The heart of the Leslie effect is a rotating horn loudspeaker. The rotating horn from a Model 600 Leslie can be seen mounted on a microphone stand in Fig.5.7. Two horns are apparent, but one is a dummy, serving mainly to cancel the centrifugal force of the other during rotation. The Model 44W horn is identical to that of the Model 600, and evidently standard across all Leslie models [190]. For a circularly rotating horn, the source position can be approximated as

where is the circular radius and is angular velocity. This expression ignores any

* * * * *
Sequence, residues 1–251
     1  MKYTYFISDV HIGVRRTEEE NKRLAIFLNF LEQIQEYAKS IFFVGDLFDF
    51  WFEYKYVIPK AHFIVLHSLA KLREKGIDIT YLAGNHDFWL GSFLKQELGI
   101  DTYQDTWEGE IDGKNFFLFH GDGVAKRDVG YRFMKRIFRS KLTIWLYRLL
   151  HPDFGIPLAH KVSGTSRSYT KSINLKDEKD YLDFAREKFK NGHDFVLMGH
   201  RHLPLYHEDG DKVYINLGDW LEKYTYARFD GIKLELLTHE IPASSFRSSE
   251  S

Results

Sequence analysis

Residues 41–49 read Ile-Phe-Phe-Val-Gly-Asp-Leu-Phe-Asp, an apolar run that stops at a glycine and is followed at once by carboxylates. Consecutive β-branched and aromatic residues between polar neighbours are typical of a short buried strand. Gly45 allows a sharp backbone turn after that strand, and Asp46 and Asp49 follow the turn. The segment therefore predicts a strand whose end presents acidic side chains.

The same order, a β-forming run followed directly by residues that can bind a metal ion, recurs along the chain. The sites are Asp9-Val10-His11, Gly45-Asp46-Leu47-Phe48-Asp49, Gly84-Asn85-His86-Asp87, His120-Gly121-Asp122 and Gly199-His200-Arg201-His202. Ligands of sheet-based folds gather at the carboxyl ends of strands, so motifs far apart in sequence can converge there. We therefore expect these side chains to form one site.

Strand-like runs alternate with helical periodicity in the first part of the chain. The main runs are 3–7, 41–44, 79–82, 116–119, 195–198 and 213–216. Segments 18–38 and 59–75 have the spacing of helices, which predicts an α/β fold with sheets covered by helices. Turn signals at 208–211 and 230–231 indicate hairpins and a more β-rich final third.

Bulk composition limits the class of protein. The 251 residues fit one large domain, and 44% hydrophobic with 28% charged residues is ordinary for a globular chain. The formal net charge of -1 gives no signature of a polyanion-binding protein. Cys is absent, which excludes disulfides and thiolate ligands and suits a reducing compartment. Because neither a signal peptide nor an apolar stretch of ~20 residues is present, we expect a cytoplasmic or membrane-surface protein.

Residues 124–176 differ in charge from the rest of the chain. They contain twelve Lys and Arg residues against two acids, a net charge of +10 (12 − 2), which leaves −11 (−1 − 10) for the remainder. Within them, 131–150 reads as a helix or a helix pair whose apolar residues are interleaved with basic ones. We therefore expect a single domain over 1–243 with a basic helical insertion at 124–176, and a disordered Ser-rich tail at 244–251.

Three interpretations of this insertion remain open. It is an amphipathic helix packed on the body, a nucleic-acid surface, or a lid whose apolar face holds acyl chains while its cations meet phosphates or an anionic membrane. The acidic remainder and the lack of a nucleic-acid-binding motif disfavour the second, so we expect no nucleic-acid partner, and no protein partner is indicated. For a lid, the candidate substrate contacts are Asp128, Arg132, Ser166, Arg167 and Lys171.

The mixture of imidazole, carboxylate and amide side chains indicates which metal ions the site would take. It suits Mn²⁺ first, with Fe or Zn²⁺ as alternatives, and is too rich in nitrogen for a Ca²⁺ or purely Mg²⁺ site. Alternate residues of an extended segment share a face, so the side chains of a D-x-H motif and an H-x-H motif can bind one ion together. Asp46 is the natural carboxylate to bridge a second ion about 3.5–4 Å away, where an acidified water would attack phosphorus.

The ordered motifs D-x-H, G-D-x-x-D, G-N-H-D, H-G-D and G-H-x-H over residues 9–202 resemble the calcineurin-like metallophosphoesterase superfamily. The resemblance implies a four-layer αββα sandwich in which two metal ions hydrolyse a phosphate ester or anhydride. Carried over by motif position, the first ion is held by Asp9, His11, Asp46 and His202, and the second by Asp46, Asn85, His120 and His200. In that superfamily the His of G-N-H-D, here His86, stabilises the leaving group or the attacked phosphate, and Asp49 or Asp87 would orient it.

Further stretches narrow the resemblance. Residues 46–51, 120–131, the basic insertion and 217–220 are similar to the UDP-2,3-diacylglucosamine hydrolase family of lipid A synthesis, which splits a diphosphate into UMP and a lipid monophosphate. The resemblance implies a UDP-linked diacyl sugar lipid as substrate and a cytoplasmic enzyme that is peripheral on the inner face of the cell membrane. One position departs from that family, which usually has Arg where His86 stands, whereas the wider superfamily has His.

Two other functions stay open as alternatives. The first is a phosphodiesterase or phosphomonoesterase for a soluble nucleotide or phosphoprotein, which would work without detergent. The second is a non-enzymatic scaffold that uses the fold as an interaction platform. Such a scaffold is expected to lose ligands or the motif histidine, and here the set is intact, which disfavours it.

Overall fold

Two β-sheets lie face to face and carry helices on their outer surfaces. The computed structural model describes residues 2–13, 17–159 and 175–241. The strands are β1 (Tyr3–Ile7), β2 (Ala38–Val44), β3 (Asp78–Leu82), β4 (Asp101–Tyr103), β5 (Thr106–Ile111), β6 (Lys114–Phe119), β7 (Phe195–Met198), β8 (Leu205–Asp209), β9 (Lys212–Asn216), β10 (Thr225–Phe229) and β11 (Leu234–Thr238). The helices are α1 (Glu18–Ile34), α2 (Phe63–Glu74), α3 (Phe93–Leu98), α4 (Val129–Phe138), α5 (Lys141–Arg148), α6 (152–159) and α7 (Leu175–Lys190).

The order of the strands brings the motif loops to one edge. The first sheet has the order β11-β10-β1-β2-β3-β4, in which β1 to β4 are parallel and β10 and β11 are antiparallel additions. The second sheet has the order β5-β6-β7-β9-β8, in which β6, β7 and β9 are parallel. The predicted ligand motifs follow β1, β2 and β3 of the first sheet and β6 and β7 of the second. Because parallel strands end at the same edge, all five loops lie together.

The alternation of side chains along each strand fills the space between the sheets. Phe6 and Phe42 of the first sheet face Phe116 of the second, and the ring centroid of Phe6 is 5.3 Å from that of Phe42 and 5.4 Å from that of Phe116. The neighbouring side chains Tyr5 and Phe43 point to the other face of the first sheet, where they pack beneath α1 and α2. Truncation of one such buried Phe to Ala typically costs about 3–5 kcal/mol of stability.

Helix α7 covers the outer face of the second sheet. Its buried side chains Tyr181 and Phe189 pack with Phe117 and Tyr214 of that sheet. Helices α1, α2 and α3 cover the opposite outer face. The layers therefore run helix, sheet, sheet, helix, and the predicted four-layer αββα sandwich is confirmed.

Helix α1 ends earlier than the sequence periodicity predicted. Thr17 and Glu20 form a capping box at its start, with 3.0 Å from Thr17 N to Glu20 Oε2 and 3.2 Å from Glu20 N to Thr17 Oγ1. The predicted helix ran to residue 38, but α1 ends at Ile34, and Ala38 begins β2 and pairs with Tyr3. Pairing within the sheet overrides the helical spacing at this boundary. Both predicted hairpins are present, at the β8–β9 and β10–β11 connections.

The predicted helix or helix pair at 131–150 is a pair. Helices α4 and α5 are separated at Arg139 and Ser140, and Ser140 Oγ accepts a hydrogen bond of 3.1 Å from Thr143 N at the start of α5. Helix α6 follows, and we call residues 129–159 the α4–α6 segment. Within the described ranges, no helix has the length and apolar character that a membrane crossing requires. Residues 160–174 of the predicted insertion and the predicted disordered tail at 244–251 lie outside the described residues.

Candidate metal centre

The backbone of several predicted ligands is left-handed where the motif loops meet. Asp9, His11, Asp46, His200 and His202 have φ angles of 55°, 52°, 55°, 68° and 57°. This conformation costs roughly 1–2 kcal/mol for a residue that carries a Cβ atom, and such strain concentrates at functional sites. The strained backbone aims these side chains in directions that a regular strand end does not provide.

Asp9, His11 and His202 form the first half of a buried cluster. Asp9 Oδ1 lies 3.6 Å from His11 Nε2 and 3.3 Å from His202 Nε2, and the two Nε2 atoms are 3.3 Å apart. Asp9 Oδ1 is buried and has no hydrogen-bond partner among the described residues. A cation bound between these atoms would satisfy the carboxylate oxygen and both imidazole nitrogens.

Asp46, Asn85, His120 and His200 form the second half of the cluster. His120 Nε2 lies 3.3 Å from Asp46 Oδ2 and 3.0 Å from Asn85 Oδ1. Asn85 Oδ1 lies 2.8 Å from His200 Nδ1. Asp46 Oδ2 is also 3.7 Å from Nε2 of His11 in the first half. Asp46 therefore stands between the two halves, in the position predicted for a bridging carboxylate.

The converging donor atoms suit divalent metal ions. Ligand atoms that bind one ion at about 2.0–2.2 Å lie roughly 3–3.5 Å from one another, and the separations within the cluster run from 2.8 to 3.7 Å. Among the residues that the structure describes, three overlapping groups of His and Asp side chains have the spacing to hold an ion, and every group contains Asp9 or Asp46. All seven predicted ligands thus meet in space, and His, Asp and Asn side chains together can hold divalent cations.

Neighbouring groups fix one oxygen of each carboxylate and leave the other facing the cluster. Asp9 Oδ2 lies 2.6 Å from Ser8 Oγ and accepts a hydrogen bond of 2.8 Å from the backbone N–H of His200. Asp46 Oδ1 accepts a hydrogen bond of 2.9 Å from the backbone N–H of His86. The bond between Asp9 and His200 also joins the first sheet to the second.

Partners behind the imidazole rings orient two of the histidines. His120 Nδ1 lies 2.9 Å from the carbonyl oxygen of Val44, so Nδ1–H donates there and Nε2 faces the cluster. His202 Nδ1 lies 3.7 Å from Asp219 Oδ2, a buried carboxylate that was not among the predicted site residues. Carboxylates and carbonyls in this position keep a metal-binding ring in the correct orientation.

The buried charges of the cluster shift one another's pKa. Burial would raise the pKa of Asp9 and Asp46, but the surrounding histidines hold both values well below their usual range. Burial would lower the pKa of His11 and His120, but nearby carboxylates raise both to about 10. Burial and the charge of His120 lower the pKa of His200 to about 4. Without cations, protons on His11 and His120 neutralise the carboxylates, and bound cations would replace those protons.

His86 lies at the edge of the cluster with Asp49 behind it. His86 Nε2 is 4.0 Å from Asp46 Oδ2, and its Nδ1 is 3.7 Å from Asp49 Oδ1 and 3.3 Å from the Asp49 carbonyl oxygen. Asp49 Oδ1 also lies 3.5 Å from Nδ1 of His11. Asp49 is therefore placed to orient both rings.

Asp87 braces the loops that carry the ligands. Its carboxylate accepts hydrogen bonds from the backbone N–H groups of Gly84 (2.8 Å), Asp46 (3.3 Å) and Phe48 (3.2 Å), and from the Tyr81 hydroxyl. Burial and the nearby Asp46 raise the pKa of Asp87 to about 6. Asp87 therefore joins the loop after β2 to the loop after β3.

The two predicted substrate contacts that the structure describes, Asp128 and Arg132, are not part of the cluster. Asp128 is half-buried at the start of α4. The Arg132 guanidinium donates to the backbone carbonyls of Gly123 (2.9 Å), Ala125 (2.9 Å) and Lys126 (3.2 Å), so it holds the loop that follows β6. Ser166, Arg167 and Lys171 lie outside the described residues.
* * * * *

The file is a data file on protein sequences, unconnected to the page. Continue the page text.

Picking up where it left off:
By Eq. (5.3), the source velocity for the circularly rotating horn is

Note that the source velocity vector is always orthogonal to the source position vector, as indicated in Fig.5.8.

Since and are orthogonal, the projected source velocity Eq. (5.4) simplifies to

Arbitrarily choosing (see Fig.5.8), and substituting Eq. (5.8) and Eq. (5.9) into Eq. (5.10) yields

In the far field, this reduces simply to

Substituting into the Doppler expression Eq. (5.2) with the listener velocity set to zero yields

where the approximation is valid for small Doppler shifts. Thus, in the far field, a rotating horn causes an approximately

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Center for Computer Research in Music and Acoustics (CCRMA), Stanford University